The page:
"If you don't mind, we'll take her out of the barn and make a few more laps around the planet," replied commander Kenneth Ham.
The astronauts -- all repeat space fliers and all men -- couldn't resist a little humor before they got down to business. They showed up for their steak and cheeseburger breakfast wearing blue and black smoking jackets, white shirts and black bow ties. It was probably the most formal attire ever worn by astronauts on launch day, even it was just for a quick photo.
The only concern during Friday's countdown involved a small ball bearing found in Atlantis' payload bay earlier this week. Engineers scrambled to determine the bearing likely came from a spacewalk camera, and cleared the launch with just minutes remaining.
The 12-day mission is the last one for Atlantis, the fourth in NASA's line of space shuttles. Only two flights remain after this one, by Discovery and Endeavour. NASA plans to end the 30-year program by the end of this year.
Atlantis rocketed into orbit for the first time in 1985. This will be its 32nd trip and the 132nd shuttle flight overall.
The shuttle is loaded with fresh batteries and a Russian-built compartment for the space station.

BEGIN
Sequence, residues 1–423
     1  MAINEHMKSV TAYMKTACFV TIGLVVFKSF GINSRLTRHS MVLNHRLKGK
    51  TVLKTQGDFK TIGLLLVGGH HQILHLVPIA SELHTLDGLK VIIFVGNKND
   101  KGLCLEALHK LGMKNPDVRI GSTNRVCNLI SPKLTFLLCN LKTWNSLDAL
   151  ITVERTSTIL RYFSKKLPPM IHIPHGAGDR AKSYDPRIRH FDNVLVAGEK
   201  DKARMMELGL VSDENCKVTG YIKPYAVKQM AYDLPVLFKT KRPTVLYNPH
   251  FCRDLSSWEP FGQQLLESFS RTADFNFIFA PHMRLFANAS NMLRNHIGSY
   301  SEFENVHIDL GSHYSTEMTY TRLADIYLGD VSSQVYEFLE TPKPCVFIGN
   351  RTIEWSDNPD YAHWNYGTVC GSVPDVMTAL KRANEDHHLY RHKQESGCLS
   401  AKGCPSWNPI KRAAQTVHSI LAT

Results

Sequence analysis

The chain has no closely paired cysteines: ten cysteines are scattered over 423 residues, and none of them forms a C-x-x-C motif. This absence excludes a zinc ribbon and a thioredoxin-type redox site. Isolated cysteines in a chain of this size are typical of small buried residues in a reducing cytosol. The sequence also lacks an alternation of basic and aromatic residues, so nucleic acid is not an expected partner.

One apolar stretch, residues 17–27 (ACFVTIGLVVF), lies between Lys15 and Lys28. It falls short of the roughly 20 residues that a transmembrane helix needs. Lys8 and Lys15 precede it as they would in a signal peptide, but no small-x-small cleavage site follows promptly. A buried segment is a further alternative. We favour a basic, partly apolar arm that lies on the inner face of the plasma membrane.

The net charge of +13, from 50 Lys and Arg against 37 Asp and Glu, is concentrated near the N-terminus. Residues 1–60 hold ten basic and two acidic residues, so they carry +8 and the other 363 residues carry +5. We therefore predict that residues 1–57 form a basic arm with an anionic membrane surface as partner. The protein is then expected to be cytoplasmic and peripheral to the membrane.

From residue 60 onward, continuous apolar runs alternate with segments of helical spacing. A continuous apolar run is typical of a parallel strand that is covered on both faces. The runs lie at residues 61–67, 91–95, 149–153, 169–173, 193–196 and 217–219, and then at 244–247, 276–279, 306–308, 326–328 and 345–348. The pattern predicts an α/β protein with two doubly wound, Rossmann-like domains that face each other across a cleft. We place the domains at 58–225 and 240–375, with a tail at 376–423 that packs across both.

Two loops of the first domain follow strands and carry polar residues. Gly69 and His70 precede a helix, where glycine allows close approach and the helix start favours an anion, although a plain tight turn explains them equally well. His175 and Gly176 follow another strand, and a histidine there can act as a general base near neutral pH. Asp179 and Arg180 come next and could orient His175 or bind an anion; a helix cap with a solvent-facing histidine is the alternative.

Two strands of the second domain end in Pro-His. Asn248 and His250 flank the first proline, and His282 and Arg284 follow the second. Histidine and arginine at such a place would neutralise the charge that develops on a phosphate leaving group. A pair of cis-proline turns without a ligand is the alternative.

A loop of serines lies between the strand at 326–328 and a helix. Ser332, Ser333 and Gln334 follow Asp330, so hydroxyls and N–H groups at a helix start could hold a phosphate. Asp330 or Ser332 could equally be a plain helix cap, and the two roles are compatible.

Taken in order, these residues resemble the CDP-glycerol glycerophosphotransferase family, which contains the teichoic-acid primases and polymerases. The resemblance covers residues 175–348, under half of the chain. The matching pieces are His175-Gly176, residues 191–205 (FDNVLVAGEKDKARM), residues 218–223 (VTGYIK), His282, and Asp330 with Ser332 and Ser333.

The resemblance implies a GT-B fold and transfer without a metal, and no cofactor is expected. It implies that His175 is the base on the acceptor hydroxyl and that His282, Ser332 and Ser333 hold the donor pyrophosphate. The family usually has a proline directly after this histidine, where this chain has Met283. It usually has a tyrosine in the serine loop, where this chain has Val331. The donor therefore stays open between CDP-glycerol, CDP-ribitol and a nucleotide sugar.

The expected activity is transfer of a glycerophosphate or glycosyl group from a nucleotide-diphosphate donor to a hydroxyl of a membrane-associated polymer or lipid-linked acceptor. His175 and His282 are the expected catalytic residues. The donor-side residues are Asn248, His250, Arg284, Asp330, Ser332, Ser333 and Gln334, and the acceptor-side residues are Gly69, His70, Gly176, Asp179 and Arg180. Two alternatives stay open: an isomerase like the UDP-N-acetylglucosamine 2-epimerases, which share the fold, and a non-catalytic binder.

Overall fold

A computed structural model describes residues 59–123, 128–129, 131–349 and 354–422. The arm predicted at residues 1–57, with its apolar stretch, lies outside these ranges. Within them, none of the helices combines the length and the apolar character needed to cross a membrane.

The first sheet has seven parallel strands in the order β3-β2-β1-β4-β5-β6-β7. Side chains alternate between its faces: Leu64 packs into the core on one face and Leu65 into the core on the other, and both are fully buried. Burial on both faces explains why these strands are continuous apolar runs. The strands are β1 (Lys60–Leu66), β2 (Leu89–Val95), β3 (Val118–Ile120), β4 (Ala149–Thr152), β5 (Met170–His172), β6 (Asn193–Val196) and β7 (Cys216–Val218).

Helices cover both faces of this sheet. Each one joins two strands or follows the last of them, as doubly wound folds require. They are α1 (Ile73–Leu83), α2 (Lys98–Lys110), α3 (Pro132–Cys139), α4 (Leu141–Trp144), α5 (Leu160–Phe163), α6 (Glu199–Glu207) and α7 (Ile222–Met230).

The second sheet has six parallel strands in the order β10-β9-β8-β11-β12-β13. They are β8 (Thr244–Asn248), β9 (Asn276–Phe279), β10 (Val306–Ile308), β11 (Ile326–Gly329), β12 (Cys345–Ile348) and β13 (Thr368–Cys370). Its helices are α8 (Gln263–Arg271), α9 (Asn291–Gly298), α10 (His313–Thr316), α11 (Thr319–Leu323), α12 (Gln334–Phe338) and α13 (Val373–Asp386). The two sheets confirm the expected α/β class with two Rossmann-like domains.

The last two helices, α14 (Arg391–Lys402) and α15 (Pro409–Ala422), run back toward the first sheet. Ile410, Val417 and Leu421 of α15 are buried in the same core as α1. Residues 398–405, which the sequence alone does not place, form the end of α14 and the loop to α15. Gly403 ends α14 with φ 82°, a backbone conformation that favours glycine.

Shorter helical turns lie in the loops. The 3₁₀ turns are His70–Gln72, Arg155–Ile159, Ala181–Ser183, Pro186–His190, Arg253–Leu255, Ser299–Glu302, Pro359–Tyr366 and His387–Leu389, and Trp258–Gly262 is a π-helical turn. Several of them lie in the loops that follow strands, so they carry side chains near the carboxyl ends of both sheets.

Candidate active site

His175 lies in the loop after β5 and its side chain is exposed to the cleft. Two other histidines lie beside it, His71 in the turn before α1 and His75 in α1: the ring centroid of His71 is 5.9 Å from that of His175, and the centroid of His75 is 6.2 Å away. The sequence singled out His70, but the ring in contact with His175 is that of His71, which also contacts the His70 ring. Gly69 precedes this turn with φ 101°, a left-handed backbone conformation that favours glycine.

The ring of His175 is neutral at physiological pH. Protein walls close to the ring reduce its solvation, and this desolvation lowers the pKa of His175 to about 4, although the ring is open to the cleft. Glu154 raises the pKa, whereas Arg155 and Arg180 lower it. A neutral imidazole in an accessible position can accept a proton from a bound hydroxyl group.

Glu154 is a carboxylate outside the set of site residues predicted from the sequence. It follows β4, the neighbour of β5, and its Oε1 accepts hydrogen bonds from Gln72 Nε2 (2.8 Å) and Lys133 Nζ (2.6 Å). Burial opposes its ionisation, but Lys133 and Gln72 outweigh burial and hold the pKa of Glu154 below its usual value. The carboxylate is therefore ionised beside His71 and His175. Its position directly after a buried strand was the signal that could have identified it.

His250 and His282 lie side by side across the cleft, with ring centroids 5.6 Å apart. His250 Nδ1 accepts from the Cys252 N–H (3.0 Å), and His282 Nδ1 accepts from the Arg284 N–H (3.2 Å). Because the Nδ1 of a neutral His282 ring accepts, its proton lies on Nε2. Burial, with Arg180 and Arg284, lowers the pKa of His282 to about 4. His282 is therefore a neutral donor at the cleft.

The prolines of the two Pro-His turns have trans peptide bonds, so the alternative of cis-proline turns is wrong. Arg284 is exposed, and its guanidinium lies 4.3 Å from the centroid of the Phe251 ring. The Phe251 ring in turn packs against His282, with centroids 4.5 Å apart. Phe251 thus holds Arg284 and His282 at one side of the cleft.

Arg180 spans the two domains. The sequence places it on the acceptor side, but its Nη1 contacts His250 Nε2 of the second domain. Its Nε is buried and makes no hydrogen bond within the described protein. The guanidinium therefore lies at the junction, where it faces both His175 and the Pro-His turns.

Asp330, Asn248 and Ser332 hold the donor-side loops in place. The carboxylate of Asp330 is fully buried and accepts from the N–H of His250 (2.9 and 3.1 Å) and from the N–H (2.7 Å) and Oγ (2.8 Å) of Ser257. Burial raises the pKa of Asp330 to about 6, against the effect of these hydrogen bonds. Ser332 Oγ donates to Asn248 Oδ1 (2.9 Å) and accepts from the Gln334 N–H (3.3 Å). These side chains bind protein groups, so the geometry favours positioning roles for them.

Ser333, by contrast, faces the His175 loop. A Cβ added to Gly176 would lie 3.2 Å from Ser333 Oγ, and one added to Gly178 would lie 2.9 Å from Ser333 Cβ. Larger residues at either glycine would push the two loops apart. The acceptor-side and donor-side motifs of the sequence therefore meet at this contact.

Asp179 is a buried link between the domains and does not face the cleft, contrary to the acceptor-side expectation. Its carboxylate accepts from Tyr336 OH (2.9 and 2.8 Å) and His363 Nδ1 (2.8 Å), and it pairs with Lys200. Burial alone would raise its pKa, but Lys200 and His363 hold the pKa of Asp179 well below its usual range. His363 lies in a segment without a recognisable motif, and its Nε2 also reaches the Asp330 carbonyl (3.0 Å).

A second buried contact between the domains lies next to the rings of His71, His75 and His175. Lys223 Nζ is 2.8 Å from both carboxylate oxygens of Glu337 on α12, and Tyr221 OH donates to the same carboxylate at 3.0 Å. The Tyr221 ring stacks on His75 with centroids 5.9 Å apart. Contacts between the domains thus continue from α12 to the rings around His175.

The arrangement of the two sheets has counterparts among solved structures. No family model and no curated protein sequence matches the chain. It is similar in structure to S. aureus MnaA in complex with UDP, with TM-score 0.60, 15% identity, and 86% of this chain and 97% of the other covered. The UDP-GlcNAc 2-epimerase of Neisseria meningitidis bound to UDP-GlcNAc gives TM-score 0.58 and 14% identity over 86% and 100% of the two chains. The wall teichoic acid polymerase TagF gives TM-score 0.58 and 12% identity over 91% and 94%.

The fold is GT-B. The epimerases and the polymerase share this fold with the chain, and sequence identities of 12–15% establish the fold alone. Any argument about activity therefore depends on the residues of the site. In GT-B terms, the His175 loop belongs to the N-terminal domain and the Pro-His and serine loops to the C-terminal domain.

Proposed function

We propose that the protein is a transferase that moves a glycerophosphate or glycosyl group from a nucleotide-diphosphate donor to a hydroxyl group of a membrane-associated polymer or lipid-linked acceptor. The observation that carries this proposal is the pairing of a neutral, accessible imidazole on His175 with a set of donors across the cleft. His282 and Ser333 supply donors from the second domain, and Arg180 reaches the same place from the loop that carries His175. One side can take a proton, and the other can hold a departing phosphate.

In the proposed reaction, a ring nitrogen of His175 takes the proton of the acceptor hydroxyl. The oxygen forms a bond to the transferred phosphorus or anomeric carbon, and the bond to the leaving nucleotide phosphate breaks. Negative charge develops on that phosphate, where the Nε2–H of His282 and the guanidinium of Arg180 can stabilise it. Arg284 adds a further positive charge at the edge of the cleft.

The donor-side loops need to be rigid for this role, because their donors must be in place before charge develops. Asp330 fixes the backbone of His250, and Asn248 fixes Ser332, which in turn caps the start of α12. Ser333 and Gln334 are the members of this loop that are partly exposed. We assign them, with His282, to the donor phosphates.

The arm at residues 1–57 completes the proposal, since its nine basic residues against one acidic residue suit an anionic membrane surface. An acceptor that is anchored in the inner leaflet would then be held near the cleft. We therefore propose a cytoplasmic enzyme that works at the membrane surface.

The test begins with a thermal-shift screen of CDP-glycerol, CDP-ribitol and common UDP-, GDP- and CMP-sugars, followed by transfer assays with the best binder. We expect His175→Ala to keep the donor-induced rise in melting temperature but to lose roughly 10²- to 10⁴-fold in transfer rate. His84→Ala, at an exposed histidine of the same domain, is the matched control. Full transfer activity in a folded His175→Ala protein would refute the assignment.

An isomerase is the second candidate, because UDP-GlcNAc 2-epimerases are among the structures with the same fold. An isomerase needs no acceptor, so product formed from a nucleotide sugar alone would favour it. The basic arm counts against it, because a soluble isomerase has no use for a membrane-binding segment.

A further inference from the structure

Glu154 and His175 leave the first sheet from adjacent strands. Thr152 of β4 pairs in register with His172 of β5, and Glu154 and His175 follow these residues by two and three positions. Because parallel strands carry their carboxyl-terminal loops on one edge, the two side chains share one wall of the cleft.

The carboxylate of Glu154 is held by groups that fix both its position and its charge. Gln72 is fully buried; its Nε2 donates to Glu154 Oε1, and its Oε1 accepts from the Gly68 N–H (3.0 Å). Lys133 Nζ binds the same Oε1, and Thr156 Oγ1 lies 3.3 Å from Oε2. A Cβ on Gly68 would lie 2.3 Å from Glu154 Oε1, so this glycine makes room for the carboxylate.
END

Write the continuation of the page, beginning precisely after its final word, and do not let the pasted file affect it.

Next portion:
The 20-foot-long module -- named Rassvet in Russian, meaning Dawn -- is crammed with food, laptop computers and other U.S. supplies, part of the deal worked out between the two countries' space agencies.
Ham and his men will install the compartment on the space station, and carry out three spacewalks to replace six old batteries and hook up an antenna and other spare parts.
Launch spectators included late-night TV host David Letterman, who toured the space center Thursday.
Dozens of Russians also were on hand, as well as about 150 Twittering guests. This is the second time NASA has opened Kennedy's media complex to so-called tweeters on launch day.
President Barack Obama wants NASA to focus on getting astronauts to an asteroid by 2025 and into orbit around Mars by 2035. He canceled the previous administration's Constellation program, considered a continuation of the 1960s Apollo moon program.
It was NASA's fourth shuttle liftoff in six months.
Now the pace will slow a bit. Discovery isn't due to fly until September, followed by Endeavour in November -- at the earliest. Payload issues may bump the last mission into 2011.
There's a chance that Atlantis could fly again after it returns to Earth on May 26. The shuttle will be prepped in case a rescue mission is needed for the last flight, by Endeavour. Assuming there's no emergency, Atlantis could be used for another supply run if the White House approves it, and that would close the shuttle program for good.
Atlantis ultimately will head to a museum somewhere in America. So will the other two shuttles.
Under the Obama plan, NASA astronauts assigned to long station missions will keep hitching rides aboard Russian Soyuz rockets until U.S. private enterprise can develop spacecraft to safely get humans into orbit.
NASA expects to keep the space station running through 2020.
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